Coronavirus: Many Students’ “Tragedy” Won’t Come Back Until Fall – Chancellor Rishi Sunak | Economic news


The Chancellor said it is a “tragedy” that many children will not return to school until this fall, in a blunt warning of the consequences of the lockout for British health, society and the economy.

Talking to Sky News in a John Lewis department store amid preparations for easing the coronavirus confinement, Rishi Sunak urged buyers to return to the main street when general stores begin to open in the coming weeks.

The longer the economy has been closed, the more serious the implications, he said.

Suspended plans for the return of all elementary students

Talk about the day after the government school overturned, in which plans that all elementary school children in England will return a month before the summer holidays have been abandoned, said the Chancellor: “I personally think that our children are not in school every day is a tragedy.

“This will obviously have an impact on their future.

“This is why I am so happy that as part of our measured and deliberate plan, we were able to reopen schools on June 1 for a number of students, especially our youngest children.

“I am so grateful to teachers and schools for making this possible, because I think it is something so vital to our country and to the future of these children. ”

Sunak added, “We can’t do it all at once, we have to take careful, measured and deliberate action to do it, but that’s what we do.

“We are working on a plan that we have. The good news is that every week we make progress. “

Business secretary Alok Sharma said the two-meter rule was

Pubs and restaurants are not yet open

He insisted that the government was completing its five self-imposed tests to reopen the economy, despite concerns from government scientists about the resurgence of the disease.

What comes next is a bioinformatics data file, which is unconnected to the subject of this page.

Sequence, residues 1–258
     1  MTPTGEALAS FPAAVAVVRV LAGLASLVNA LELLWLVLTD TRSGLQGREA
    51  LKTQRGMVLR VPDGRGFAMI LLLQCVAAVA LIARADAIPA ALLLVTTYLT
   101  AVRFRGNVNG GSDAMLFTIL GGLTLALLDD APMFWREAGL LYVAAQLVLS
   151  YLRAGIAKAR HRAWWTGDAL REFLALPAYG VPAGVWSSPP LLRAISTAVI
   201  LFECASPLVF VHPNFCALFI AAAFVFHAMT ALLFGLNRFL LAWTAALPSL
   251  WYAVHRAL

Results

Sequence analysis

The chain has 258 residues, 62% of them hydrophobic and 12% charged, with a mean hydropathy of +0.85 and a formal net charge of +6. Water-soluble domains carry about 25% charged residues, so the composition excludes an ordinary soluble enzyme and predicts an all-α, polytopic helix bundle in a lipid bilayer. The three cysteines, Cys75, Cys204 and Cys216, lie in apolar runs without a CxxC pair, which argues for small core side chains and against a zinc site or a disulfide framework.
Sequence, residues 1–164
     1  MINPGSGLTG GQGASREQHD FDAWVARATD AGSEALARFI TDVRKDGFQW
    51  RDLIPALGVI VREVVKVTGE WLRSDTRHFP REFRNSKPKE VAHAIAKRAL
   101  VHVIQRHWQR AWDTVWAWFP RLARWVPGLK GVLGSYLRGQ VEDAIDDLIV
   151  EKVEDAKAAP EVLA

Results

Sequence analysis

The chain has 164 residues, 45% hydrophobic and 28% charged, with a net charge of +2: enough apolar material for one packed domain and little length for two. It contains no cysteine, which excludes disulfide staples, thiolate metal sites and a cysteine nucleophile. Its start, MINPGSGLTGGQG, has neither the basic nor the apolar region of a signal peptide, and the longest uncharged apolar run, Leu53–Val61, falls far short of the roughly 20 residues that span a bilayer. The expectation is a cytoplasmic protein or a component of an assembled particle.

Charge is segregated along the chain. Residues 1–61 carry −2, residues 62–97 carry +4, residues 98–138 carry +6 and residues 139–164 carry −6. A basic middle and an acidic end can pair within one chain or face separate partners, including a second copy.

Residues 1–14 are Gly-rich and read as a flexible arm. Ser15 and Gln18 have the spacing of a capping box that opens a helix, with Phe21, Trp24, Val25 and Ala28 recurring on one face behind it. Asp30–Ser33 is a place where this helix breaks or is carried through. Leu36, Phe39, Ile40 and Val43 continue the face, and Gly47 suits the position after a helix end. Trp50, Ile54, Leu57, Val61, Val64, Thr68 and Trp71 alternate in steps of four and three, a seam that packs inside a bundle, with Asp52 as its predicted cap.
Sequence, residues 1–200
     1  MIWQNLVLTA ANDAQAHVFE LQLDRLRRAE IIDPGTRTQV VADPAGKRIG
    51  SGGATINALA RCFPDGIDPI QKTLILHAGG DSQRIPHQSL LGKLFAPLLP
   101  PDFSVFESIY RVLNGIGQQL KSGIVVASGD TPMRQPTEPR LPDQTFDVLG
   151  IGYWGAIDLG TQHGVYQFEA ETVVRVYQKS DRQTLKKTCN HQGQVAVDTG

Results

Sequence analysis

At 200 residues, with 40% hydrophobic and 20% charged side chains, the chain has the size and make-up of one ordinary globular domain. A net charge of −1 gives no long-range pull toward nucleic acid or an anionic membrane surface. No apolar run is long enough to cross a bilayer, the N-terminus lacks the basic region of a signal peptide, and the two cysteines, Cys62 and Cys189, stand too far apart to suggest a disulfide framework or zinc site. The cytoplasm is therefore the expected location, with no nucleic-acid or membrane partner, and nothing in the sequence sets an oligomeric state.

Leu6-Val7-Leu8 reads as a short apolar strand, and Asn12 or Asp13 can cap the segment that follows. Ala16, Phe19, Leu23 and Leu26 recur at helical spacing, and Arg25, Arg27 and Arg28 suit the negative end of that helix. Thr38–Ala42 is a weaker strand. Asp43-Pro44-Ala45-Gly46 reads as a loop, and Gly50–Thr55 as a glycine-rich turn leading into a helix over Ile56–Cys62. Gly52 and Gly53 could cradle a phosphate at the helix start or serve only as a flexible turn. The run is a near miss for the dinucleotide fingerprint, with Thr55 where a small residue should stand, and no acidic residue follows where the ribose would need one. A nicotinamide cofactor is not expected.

He added that he was “proud” of the government’s record in the fight against the disease – although he admitted that he had to “iterate” and change plans along the way.

The Chancellor also addressed the protests in this country and in the United States against racism and police brutality, saying: “Of course racism exists … I understand that people want change, but it doesn’t happen with vandalism and violence.

“We have to take a moment to recognize the enormous progress made. ”

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When asked if he had experienced racism himself, Mr. Sunak replied, “Absolutely, me.

“It stings in a way that very few other things have. ”

Speaking of the reopening of the general stores, which is due to start on Monday, the Chancellor said: “Last month we established a clear plan to slowly reopen our country and today we are at the next stage of this plan where the next week we will be able to reopen stores in our country.

“And it is because we have met the five tests that we have defined.

“I hope that when all of these stores open, people will have the confidence that they can safely go out again. And it’s very important. “


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